Motion by the Wohlleben defense to suspend the trial: much ado about very very little. And: court asks Zschäpe additional questions, this time concerning Holger Gerlach.
Those who had hoped that the court would conduct the trial with a bit more vigor after the Easter break were due for a disappointment: The court again interrupted the trial shortly after 1 pm, without having heard any witnesses, and also canceled the trial day tomorrow.
This was due to a motion by the Wohlleben defense, brought before the Easter break, for suspension of the trial: During the search of Wohlleben’s apartment in 2011, police had found and photographed a T-shirt clearly showing his National Socialist ideology – under the heading of “Railway Romanticism”, it shows train tracks leading to the concentration camp Auschwitz.
The prosecution had only entered a printout of this photo into the case file a few weeks ago. The defense now moved that the trial against Wohlleben be suspended, i.e. interrupted and started anew later on, arguing that the case file was incomplete. The court at first denied the motion, but after a motion to reconsider it decided to provide printouts to the defense right away and interrupt the trial for one week.
It is no surprise that the motion for suspension did not succeed – after all, the picture file was always to be found on a USB drive contained in the file kept with the court, which the defense must have found out if they read the case files. Had they brought a motion – which they did not –, they would simply have been provided copies. What’s more, these are photos of the search in Wohllebens’s apartment, meaning that he is sure to know what relevant materials were found.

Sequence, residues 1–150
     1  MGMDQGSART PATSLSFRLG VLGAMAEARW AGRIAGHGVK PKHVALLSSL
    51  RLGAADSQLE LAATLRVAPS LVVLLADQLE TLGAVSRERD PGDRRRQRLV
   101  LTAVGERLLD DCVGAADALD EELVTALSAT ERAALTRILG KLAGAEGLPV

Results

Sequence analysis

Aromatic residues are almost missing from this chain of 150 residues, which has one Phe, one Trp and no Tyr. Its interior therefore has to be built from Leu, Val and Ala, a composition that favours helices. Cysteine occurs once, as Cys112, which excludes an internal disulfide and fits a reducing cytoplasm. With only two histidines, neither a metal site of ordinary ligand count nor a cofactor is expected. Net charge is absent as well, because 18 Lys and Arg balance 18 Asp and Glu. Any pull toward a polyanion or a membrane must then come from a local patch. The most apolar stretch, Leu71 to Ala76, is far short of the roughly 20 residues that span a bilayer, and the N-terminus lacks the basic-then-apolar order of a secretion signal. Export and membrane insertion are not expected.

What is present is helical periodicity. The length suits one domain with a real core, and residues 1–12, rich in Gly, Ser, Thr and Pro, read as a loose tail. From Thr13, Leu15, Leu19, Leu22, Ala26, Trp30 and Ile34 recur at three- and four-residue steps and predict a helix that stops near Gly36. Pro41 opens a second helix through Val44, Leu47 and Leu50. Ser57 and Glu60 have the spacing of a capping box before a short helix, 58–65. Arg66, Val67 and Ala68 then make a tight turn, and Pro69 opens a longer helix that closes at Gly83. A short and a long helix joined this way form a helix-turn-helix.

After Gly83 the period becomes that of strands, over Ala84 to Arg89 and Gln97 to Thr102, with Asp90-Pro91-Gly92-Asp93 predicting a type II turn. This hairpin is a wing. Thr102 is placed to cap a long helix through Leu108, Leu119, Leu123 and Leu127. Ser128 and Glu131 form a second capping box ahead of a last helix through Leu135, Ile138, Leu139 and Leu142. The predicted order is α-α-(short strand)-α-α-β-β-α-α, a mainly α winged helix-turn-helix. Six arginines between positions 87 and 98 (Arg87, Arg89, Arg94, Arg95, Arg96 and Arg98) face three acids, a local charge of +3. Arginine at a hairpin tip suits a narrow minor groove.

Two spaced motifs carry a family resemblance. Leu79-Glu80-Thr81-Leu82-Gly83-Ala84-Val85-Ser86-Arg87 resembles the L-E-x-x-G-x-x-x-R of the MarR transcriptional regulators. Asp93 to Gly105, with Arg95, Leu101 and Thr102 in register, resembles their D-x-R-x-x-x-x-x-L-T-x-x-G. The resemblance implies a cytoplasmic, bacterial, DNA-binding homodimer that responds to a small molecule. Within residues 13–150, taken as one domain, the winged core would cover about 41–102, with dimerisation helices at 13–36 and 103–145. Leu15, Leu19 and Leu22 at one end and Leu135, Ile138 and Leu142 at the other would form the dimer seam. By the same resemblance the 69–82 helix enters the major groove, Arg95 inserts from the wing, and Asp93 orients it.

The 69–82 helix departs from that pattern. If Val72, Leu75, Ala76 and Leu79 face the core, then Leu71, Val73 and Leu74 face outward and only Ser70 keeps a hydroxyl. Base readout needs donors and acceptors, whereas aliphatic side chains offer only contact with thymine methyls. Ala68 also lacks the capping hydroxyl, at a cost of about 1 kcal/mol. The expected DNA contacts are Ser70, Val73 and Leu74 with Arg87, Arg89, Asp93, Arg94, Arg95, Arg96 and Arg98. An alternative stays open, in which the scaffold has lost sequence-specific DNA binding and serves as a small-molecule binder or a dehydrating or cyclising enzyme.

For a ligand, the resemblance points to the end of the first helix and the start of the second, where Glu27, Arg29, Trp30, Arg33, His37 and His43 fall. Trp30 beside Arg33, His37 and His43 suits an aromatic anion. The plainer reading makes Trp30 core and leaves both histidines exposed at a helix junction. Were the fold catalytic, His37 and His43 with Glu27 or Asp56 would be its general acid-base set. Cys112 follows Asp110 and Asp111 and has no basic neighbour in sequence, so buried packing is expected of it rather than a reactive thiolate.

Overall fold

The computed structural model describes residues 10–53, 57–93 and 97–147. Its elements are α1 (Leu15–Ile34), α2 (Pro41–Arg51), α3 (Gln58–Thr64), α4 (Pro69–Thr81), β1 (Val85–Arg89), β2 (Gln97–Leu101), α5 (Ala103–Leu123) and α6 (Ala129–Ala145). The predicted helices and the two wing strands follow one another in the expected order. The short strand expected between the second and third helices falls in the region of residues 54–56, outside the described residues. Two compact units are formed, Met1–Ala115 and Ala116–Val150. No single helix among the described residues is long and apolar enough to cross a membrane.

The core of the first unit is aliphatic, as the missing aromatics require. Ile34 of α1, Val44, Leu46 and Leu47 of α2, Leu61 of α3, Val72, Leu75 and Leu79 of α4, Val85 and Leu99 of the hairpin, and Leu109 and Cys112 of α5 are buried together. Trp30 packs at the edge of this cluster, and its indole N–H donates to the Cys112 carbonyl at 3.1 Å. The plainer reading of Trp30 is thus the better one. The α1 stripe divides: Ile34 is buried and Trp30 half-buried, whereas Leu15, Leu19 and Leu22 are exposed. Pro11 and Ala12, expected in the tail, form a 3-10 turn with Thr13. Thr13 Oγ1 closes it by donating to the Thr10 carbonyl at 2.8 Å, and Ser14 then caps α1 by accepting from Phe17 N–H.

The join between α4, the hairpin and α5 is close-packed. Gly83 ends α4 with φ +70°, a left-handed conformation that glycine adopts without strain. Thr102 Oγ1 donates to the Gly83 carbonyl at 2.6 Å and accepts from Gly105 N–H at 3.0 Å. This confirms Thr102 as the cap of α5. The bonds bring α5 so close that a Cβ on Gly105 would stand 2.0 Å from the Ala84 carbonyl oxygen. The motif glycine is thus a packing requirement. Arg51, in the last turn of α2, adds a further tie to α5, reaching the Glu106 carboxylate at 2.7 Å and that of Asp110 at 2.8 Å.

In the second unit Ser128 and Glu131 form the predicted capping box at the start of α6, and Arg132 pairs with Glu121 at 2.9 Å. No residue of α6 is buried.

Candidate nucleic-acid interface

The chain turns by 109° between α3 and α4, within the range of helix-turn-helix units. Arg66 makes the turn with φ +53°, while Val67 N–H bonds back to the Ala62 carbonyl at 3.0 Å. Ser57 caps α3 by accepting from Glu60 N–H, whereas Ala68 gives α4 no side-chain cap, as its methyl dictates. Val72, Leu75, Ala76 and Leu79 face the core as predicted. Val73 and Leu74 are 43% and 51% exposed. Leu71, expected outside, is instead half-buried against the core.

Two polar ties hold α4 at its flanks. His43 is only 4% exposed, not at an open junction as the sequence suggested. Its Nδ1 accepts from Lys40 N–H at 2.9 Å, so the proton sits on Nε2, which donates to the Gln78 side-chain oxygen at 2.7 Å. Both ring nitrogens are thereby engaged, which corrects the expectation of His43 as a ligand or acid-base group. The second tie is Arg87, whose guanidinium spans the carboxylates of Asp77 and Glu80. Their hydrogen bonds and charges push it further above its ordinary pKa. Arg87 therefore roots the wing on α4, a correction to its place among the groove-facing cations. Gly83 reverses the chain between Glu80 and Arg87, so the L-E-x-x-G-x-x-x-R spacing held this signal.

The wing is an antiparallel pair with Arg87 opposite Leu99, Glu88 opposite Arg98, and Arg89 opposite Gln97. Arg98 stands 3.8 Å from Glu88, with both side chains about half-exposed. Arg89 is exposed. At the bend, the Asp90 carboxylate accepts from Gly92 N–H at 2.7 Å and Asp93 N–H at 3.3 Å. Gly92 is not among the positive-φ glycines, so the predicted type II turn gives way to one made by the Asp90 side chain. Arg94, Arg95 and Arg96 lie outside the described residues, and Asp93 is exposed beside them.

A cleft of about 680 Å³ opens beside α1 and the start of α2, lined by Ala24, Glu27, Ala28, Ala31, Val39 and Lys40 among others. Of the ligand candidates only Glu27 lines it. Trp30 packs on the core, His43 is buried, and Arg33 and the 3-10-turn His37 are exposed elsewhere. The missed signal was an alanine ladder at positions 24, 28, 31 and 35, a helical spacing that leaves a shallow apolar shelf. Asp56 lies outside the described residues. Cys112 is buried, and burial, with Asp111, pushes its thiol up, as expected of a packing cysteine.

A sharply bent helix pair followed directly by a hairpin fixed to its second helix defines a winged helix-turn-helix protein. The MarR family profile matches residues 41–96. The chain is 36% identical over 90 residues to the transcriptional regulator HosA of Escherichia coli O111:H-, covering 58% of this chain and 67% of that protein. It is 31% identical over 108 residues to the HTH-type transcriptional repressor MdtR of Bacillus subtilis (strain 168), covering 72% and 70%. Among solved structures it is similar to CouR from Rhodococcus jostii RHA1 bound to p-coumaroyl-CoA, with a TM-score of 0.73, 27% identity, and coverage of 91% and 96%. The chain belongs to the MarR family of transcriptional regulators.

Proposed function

It is likely that the motion was, on the one hand, meant to distract from the content of the T-shirt and, on the other hand, brought in the hopes that the court might commit appealable legal errors. The court’s decision to cancel the trial day tomorrow may have been owed to its caution in trying not to commit such errors – but it was certainly not necessary, all the more since the witness who is to testify on the T-Shirt will only be heard at a still-unspecified later date.
The prosecution’s statement on the motion was interesting – to explain why they had not entered the printout of the photo into the case file earlier, they stated that at first, Wohlleben’s ideology had not been considered relevant for the indictment and that it had only become so after Wohlleben’s statement in court. Now it is true that the T-Shirt clearly disproves
Wohlleben’s attempts to present himself as a “national pacifist” opposed to racism and violence. But more importantly, the earlier decision to simply ignore such unambiguous evidence shows once more how the federal prosecution is trying to keep the political background of the NSU’s crimes, as well as the ideological and practical connections of the NSU with the broader Nazi scene, out of the trial entirely.
At the end of the trial day, the presiding judge asked Beate Zschäpe several additional questions and also announced that he would ask more at a later date. The questions today focused on Holger Gerlach, particularly on meetings with him and on what he knew of the crimes.